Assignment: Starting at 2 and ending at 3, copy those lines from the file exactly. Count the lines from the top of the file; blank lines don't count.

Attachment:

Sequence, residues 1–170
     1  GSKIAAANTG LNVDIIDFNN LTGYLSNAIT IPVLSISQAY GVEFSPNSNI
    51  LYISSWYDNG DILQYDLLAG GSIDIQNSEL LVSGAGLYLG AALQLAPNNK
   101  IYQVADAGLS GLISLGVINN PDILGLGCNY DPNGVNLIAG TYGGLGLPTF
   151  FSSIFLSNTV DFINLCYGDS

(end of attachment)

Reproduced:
     1  GSKIAAANTG LNVDIIDFNN LTGYLSNAIT IPVLSISQAY GVEFSPNSNI
    51  LYISSWYDNG DILQYDLLAG GSIDIQNSEL LVSGAGLYLG AALQLAPNNK